Social media plays a huge role in where and how we consume news. Currently, Google News can be very inefficient when it comes to current, breaking news events. Instead, we get the latest news from social media sites like Twitter, where someone can just pull out their phone and tell the world what's going on in a matter of seconds. Google clearly wants to catch up, so the company is reportedly preparing something called "Big Moments," which is meant to maybe change the way we get news in search results or through the Google News app.
What's the problem
In order to understand what Google wants to do, you first need to understand the problem it wants to solve. If you clicked on this article from your Google News feed, it's probably because it's not a breaking news event. Most likely, this article has been posted next to other news stories from other publications that have probably been published within the last few hours. In cases where you will see a really relevant article, it is unlikely to stand out from the mass of older articles, unless several major publications are writing about it.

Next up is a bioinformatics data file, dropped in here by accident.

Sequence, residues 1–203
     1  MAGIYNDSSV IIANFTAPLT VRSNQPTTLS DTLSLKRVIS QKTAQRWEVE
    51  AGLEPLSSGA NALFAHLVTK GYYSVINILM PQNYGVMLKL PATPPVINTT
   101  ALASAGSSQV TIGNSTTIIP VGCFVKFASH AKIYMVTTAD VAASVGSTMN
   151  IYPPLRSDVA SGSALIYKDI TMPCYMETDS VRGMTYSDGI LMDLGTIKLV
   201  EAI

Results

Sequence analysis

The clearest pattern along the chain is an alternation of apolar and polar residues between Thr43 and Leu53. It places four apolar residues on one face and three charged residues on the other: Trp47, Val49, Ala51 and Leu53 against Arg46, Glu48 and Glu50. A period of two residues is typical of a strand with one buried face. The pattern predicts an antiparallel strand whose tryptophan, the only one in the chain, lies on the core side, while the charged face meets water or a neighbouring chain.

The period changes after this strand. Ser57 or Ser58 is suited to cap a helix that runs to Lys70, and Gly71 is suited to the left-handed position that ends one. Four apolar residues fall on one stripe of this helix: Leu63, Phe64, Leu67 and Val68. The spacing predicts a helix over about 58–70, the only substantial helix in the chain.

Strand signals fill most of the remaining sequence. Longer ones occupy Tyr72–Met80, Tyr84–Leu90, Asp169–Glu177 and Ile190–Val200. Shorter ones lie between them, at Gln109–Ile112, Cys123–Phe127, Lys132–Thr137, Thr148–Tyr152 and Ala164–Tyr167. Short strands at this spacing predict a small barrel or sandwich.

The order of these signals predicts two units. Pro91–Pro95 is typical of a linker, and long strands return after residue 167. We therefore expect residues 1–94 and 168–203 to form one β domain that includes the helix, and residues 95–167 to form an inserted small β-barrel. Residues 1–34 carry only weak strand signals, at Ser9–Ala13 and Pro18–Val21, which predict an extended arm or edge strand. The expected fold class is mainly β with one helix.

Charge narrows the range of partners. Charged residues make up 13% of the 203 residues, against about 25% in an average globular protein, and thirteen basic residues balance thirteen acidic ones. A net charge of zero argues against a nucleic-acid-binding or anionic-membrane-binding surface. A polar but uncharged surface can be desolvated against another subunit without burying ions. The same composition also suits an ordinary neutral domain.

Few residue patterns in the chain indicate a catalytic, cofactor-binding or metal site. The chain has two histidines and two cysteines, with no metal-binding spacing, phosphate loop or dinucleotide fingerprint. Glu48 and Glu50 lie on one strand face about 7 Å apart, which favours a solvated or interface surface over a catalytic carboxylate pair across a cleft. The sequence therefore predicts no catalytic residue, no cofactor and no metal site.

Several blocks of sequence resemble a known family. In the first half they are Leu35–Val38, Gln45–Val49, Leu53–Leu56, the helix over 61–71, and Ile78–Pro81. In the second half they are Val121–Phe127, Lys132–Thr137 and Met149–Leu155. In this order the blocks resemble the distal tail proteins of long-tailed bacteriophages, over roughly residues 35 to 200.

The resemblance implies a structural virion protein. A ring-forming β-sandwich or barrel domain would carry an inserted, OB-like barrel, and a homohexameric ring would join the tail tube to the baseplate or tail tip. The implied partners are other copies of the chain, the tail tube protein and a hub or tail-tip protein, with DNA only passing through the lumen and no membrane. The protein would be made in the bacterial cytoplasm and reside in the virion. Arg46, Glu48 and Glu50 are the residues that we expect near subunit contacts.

What's the solution
Big Moments will try to provide insight into current events by providing more relevant context, highlighting in real time the most authoritative details about a particular incident, such as death and injury statistics (of course, what else?), and updating them as new information becomes available.
Unlike the current Google News service, which is fully automated, the decision as to which "moment" should be considered "big" is expected to be made by live editors. It's not certain that being able to judge the importance or unimportance of some events is to the benefit, not the detriment, of the situation as a whole. The chances of being held hostage to a particular editor's worldview are certainly not zero.
Source: bloomberg, androidpolice